For any expectant mother, a brief stroll in the summer sunshine would seem a pleasant diversion from the rigors of pregnancy, a chance to relax in the warmth and to take in a little fresh air. It is a harmless — but unimportant — activity, it would seem.
But there is more to such walks than was previously realized, it emerged last week. In a new study, researchers at Bristol University revealed they had found out that sunny strolls have striking, long-lasting effects. They discovered that children born to women in late summer or in early autumn are, on average, about 5mm taller, and have thicker bones, than those born in late winter and early spring.
Nor was it hard to see the causal link, said team leader Jon Tobias. The growth of our bones, even in the womb, depends on vitamin D, which, in turn, is manufactured in the skin when sunlight falls on it.
Thus children born after their mothers have enjoyed a summer of sunny walks will have been exposed to more vitamin D and will have stronger bones than those born in winter or early spring. “Wider bones are thought to be stronger and less prone to breaking as a result of osteoporosis in later life, so anything that affects early bone development is significant,” said Tobias.
The study is important, for it indicates that women should consider taking vitamin D supplements during pregnancy to ensure their children reach full stature. However, the team’s findings go beyond this straightforward conclusion, it should be noted. Their work adds critical support to a controversial health campaign that suggests most British people are being starved of sunshine, and vitamin D — a process that is putting their lives at risk.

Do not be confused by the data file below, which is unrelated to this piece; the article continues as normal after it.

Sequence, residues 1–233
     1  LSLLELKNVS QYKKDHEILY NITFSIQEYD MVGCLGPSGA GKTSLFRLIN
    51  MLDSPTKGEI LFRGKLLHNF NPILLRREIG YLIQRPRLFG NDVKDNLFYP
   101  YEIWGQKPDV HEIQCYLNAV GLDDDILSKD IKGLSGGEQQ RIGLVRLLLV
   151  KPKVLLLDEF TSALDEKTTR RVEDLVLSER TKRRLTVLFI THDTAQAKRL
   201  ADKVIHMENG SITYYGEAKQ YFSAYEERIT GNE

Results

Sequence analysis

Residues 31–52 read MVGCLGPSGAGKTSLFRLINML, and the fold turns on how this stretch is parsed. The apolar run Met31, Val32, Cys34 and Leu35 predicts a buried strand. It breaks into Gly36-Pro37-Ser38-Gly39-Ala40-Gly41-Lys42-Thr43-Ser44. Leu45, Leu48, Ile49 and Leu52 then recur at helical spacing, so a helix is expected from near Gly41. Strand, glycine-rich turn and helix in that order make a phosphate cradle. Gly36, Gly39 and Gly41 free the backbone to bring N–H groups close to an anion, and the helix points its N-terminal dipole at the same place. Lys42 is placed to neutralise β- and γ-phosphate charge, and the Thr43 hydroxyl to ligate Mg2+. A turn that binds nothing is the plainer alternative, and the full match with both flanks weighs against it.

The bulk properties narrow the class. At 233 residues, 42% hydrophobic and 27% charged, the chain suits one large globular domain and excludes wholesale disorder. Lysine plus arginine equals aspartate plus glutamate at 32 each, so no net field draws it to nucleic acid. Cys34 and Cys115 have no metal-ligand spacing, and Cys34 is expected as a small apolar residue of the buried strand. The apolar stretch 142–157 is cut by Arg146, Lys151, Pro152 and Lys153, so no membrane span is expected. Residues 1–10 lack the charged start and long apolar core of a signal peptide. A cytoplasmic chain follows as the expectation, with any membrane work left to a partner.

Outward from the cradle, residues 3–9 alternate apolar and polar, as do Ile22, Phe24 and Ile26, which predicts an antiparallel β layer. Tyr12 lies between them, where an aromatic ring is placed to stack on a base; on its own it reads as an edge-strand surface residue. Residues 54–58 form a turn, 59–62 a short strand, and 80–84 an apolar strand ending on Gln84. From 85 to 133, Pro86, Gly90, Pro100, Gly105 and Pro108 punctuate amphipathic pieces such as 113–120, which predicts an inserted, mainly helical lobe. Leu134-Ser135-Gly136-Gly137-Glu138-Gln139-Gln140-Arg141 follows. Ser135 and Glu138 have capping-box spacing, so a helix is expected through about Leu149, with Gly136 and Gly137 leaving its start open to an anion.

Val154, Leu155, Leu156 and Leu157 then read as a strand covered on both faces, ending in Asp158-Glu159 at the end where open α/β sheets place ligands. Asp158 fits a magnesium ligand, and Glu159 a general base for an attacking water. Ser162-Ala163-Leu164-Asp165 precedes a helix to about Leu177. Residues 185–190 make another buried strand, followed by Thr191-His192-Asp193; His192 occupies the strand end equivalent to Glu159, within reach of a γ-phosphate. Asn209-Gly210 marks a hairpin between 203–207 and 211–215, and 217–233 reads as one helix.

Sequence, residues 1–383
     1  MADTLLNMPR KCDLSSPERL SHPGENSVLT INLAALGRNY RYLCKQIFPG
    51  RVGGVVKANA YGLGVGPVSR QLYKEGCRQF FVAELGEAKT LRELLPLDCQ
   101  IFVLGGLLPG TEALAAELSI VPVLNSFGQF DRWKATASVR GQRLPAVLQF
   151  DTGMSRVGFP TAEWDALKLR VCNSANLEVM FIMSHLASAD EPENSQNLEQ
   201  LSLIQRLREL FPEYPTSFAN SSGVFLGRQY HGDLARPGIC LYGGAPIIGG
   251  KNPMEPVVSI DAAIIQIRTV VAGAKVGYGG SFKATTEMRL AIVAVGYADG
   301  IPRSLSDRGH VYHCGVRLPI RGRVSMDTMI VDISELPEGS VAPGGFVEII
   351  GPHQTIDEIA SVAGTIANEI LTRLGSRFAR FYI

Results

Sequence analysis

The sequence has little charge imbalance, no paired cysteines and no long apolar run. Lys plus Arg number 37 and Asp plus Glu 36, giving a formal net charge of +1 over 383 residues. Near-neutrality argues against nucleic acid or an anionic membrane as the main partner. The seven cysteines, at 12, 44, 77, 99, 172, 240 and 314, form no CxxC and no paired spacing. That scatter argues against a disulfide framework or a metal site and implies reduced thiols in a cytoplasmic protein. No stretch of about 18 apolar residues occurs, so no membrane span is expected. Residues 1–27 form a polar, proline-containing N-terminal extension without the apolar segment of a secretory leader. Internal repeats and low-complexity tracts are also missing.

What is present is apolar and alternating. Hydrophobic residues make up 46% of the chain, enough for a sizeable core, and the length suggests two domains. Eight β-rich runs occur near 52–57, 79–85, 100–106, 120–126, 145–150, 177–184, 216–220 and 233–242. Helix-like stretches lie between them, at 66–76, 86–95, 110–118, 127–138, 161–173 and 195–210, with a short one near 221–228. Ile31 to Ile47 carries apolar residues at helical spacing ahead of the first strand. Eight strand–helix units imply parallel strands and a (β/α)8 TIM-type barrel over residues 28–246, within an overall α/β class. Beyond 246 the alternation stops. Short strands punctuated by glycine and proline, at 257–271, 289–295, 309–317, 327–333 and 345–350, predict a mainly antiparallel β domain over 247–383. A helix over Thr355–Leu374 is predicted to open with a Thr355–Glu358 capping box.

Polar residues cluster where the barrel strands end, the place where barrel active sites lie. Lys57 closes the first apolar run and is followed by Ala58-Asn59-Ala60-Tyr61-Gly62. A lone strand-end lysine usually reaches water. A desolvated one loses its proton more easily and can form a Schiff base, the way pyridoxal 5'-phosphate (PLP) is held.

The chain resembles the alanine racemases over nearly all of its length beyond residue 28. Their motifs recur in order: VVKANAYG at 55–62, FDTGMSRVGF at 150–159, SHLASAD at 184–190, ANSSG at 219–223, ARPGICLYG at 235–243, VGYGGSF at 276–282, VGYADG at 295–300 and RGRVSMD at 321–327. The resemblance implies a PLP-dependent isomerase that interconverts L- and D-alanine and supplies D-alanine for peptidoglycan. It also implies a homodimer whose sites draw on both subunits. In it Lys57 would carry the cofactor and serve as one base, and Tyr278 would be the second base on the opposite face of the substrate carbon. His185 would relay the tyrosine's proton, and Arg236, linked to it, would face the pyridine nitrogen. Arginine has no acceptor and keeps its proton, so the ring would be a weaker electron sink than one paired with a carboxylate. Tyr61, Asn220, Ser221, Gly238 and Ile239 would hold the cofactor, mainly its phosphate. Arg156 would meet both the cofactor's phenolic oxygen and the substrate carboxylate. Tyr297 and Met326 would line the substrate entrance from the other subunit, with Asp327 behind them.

These campaigners point to a series of studies, based mainly on epidemiological evidence, that have recently linked vitamin D deficiency to illnesses such as diabetes, breast cancer, prostate cancer and tuberculosis. Last week also saw George Ebers, professor of clinical neurology at Oxford University, unveil evidence to suggest such a deficiency during pregnancy and childhood could increase the risk that a child would develop multiple sclerosis.
The studies require rigorous follow-up research, scientists admit — but they have nevertheless provoked considerable new interest in vitamin D. Indeed, for some health experts, the substance has virtually become a panacea for all human ills. Dietary supplements should be encouraged for the elderly, the young and the sick, while skin cancer awareness programs that urge caution over sunbathing should be scrapped, they insist. We need to bring a lot more sunshine into our lives, it is claimed.
But this unbridled enthusiasm has gone down badly with health officials concerned about soaring rates of melanomas in Britain, the result of over-enthusiastic suntanning by holidaymakers decades ago. Existing, restrictive recommendations for limits on sunbathing must be rigorously maintained, they argue, or melanoma death rates will rise even further.
So just how much sunlight is safe for us? And which is the greater risk: skin cancer or diseases triggered by vitamin D deficiency? Answers for these questions now cause major divisions among health experts.
In fact, vitamin D is not strictly a vitamin. Vitamins are defined as nutrients that can only be obtained from the food we eat and which are vital to our health. For example, vitamin C, which wards off scurvy and helps the growth of cartilage, is found in citrus fruits, while broccoli and spinach are rich in vitamin K, which plays an important role in preventing our blood from clotting. And while it is true that vitamin D is found in oily fish, cod liver oil, eggs and butter, our principal source is sunlight.